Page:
Among other things, the public pays to dredge sediment out of the shipping channel. Sediment keeps washing down from the tributary Clearwater and Salmon rivers. (Lewiston stands at the junction of the Clearwater and the Snake.) The reservoir is already one-third filled in. Only Corps dredging has preserved the 14-foot shipping channel. The Corps hasn't dredged for almost nine years. Already, grain barges are "light loaded," that is, filled to less than full capacity so that they won't scrape bottom. If nature takes its course, the port won't even be accessible. The Corps has proposed more dredging. It issued then withdrew an environmental impact statement on a new sediment management plan. An independent peer review found a lot of technical problems in the plan and draft EIS. The document wasn't likely to survive litigation. To avoid fish impacts, dredging can be done only from December through February. The Corps had hoped to dredge last winter. Now, it presumably hopes to do so this winter. A new final EIS is due this summer. Chances are it will wind up in court.

Back in 2002, the Corps estimated the cost of removing the lower Snake dams. That study, published that year, came to different conclusions than some of the others: It estimated infrastructure costs of up to $532 million, added yearly shipping costs of $21 million, and increases in household electric bills of up to $6.50 a month. Or maybe not. The former deputy district engineer of the Corps' Walla Walla District, Jim Waddell, says that basically, the numbers featured in the summary are misleading. The real figures are buried in the appendices, and some need revision, but they're there.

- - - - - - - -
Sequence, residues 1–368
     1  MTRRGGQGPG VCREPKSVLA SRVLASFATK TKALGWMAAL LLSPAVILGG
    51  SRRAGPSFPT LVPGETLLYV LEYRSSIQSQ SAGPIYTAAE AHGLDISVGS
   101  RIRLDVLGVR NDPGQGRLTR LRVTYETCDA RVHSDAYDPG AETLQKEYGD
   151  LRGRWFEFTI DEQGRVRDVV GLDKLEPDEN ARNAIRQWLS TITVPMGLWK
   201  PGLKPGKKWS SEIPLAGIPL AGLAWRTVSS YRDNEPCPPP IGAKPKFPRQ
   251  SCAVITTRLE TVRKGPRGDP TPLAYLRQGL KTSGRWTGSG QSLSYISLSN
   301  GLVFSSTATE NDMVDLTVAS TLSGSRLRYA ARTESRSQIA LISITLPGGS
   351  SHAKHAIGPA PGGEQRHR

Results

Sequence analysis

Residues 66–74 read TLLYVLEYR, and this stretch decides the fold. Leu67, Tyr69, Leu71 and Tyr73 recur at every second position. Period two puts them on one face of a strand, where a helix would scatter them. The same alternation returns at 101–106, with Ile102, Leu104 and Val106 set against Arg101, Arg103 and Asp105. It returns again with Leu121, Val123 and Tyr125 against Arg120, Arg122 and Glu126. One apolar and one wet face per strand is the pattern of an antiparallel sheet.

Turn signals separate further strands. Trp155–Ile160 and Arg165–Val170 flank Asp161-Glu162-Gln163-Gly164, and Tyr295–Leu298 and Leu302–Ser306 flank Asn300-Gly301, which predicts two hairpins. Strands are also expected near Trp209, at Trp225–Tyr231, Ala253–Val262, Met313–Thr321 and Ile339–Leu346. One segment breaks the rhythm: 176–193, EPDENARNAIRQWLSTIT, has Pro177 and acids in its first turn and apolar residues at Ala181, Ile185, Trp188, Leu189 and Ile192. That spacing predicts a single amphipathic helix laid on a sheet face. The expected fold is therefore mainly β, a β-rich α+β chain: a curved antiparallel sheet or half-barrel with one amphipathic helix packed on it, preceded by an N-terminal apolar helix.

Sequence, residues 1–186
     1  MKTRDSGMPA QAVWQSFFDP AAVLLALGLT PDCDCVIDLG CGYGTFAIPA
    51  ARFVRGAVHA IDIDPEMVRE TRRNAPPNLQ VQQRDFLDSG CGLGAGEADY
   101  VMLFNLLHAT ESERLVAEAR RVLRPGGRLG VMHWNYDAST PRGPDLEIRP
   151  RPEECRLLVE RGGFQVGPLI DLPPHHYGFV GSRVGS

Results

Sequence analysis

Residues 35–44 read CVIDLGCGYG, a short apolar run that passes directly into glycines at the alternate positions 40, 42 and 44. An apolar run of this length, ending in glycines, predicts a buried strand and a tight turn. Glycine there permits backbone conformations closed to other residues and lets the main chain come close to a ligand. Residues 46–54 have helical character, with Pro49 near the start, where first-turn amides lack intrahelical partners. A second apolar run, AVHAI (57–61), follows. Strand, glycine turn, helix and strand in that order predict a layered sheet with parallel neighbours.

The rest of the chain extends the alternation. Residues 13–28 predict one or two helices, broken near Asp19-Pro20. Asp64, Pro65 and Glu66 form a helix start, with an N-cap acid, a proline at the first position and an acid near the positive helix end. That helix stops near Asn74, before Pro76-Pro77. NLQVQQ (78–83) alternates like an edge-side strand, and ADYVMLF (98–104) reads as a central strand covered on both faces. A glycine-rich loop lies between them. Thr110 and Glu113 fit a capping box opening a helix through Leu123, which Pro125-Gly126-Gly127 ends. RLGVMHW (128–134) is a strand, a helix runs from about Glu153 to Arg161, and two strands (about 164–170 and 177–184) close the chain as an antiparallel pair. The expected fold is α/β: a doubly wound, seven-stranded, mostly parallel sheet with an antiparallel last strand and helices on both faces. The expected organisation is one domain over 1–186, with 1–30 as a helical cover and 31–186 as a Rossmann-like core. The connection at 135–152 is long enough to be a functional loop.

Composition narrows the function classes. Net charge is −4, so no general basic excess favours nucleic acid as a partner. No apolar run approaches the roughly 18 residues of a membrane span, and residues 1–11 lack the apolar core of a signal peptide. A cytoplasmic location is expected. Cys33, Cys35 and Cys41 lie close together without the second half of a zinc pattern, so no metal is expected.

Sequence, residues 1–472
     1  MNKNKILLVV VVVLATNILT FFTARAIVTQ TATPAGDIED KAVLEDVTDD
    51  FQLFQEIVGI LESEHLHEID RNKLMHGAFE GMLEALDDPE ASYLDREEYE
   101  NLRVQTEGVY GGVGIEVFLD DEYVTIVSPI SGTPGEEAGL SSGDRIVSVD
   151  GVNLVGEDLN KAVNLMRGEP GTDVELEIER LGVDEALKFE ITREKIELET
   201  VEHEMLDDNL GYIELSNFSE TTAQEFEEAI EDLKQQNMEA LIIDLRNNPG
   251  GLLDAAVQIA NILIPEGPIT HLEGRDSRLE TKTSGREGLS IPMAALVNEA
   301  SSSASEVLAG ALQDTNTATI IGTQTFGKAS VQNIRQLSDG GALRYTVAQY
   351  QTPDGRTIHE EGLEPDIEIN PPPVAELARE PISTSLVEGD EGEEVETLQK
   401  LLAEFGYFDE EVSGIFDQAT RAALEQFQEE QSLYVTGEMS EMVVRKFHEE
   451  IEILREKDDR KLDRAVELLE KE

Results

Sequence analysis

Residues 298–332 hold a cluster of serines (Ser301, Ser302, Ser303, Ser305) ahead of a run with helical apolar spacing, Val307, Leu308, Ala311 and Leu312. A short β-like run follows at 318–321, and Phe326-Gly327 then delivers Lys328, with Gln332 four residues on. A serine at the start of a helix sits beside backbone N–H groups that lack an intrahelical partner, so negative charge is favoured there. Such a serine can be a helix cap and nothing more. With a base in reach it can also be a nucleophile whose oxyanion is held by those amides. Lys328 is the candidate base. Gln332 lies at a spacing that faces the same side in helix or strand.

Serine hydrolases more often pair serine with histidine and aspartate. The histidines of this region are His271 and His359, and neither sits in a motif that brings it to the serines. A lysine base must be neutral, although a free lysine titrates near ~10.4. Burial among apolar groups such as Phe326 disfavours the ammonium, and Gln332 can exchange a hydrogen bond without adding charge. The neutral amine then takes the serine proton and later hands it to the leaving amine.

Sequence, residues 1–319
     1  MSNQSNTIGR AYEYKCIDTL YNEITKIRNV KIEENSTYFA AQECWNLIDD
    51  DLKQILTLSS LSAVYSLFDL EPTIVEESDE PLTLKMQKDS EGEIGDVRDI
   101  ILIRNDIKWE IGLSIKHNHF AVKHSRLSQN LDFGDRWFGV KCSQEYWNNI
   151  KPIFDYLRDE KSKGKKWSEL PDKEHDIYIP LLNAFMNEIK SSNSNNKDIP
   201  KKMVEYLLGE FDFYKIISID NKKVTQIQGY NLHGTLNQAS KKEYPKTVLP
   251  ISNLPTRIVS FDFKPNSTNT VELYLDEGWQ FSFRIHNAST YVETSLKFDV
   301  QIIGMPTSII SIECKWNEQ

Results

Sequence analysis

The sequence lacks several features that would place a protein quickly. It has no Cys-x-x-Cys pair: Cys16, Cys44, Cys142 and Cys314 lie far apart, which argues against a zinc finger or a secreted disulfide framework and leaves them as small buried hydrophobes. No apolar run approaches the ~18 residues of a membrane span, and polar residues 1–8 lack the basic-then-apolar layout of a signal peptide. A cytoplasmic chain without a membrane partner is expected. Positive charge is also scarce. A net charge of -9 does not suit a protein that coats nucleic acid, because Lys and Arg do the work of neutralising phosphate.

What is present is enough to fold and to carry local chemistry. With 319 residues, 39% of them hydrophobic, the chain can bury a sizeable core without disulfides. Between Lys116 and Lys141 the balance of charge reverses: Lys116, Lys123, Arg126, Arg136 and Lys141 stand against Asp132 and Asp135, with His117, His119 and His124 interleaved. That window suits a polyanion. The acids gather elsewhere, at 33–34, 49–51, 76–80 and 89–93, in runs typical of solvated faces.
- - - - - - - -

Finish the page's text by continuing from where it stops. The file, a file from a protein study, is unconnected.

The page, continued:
Waddell, who was the Corps' top civilian employee in Walla Walla, has created a graph that shows right now, the costs of keeping the dams and the costs of breaching them are almost equal. As you project those costs into the future, though, the lines diverge. The costs of breaching stay relatively level. The costs of keeping the dams start to soar. Regular expenses, which include dredging, routine repairs, running the hatcheries built as compensation for the dams' effect on salmon, etc., rise at a steady rate, but the line periodically gets bumped up by big-ticket replacement of turbines and of the hardware installed to help fish get past the dams.

Long term, getting rid of the dams not only improves the chance of restoring Snake River salmon populations, Waddell argues; it makes good economic sense.

He points out that the benefits of selling power from the dams are very diffused, while the econmic benefits of removing them — which would include vastly increased recreational spending in nearby communities — would be highly localized. Someone should find that politically attractive.

Waddell says he spoke recently with Corps officials in Washington, D.C., and thinks that they may find the lower cost of dam removal attractive. The Corps' budget is tight, and he figures that people at headquarters, unmoved by what some call the "hydro halo" that leads their colleagues in the Northwest to favor dams, would look at the numbers — if anyone asked them to — and conclude that it made more sense to pull the plug. And he thinks that someone should make that decision soon.

Environmental groups have necessarily been playing a long game. At this point, he thinks, they're making a mistake. Why lose money for another 10 years, he asks. Why take a chance on losing the fish? And why blow money on ways of saving the fish that are less controversial but will do less good? "On the lower Snake," he says, "there's a cheaper way to save salmon."

Doeringsfeld, naturally, sees things differently. He refers to figures that show 98-percent spring chinook survival rates at some dams and wonders if the incremental benefits are worth the economic costs. But he knows this isn't simple. There are so "many people involved in this issue," he says. "It's not much different from Middle East peace."

How to cut through the webs of vested interest? How to end the decades of litigation?

An honest assessment of costs and benefits couldn't hurt. That's basically what the plaintiffs are asking for. They may get it eventually, but, at least at the current rate, they won't get it any time soon.


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About the Authors & Contributors

Daniel Jack Chasan

Daniel Jack Chasan

Daniel Jack Chasan is an author, attorney, and writer of many articles about Northwest environmental issues.